“The common Buttercup (Ranunculus acris) bears among rustics in the midland counties the vulgar name of “Crazy,” for which, until lately, I could never account; but it would appear that this meadow plant is considered an “insane herb” by country people, for I heard lately, from a trustworthy source, that the smell of the flowers was considered to produce madness. “Throw those nasty flowers away,” said a country woman to some children, who had gathered their handful of buttercups, “for the smell of them will make you mad.” This must be the origin of the term “crazy” applied to the plant, but biting as the leaf is when chewed, what should have given an ill-reputation to the golden flowers@ We are reminded of the name Drunkard, as applied by the Devonshire lads and lasses to the Horse Buttercups or Bull’s eyes, as Marsh Marigolds are called in the West of England. Let no one after this despise our common flowers, or think lightly of their vulgar names, for much treasure may sometimes be found hidden under a rough expression or name.” Chapter X, Superstitions about Flowers; Flowers & Flower Lore; Revd Hilderic Friend.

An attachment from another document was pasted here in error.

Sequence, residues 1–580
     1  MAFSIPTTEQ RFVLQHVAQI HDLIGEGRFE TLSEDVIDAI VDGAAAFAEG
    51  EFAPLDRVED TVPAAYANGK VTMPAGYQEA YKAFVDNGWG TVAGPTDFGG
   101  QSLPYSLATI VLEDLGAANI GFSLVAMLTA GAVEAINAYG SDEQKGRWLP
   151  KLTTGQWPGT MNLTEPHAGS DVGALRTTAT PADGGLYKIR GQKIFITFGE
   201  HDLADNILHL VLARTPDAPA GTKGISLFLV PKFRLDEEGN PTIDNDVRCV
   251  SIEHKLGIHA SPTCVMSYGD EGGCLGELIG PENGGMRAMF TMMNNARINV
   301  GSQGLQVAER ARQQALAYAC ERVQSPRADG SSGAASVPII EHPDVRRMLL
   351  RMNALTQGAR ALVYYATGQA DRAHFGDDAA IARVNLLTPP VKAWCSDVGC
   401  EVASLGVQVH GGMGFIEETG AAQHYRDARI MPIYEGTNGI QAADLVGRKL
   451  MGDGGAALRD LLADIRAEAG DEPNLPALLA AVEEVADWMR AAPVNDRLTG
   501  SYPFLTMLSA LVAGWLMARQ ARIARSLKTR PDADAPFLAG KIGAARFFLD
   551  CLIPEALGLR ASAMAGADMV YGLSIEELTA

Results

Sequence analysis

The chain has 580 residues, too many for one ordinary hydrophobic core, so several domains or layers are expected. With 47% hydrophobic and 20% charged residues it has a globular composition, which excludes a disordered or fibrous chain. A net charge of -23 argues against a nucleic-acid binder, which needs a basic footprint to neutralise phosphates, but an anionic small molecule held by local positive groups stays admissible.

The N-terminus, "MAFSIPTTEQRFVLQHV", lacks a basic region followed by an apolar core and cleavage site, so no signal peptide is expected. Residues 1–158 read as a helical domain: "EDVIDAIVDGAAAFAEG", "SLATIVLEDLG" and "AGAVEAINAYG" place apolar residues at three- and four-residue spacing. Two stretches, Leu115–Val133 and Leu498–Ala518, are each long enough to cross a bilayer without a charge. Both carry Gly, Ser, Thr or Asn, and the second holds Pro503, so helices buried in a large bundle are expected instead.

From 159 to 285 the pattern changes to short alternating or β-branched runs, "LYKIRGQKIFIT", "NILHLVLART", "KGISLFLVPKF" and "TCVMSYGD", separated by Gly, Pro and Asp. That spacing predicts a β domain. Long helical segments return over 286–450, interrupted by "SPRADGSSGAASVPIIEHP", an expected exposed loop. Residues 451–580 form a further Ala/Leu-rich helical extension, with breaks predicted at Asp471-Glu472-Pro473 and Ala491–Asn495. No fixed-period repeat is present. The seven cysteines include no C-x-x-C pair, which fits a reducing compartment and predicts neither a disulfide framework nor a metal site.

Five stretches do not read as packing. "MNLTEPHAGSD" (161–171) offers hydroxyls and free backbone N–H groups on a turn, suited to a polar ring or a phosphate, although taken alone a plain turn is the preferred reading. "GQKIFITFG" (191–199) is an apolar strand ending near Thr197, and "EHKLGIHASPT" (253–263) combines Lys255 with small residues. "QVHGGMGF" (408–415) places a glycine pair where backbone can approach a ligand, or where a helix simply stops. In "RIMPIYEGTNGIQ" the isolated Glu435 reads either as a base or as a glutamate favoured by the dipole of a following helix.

- 68,642 hits
- Still Taking the Anti-Dote (to the Poison of Chaos) And an Art Note February 17, 2020
- Tricks of Light I January 3, 2020
- Covehithe Ochres and Gissing Whites: Hand-Made Paints from Foraged Pigment November 2, 2019
- Indeterminacy: The Blueberry Interlude: Cold Dyeing with Blueberry Stems October 15, 2019
- More Notes from a Melody Not Yet Written October 14, 2019
- Aesthetics Allotmenteering Art Artist Books Artist Sketchbooks Art Journal Christian writing Collage & Assemblage Creativity Dialogue Drawing Eco/Natural Dyeing and Printing Ecology Encaustic Art Folklore & Mythology Inspiration Mixed Media Music Nature Journal Photography Printmaking Research Reviews Science Short Story Writing Singing spirituality Stitch Walking Writing